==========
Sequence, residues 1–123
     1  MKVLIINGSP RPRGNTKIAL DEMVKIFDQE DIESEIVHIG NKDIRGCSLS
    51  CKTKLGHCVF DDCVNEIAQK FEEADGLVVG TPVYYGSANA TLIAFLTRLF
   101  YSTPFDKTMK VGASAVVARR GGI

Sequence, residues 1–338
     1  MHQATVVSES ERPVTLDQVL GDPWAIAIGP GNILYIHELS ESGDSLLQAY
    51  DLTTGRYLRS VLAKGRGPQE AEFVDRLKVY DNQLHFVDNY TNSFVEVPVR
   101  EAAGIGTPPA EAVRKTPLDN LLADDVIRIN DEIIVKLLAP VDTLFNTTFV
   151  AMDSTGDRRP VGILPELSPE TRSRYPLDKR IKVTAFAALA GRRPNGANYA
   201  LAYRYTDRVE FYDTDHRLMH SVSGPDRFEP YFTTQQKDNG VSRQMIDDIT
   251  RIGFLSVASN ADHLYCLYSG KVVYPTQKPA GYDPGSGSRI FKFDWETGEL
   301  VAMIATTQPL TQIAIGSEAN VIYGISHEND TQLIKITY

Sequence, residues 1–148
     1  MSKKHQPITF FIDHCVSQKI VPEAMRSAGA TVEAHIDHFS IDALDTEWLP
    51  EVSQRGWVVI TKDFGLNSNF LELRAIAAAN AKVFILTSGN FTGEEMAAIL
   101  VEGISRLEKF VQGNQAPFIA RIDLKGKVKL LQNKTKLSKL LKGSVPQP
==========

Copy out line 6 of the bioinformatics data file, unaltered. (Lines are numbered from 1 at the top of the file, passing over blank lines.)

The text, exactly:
     1  MHQATVVSES ERPVTLDQVL GDPWAIAIGP GNILYIHELS ESGDSLLQAY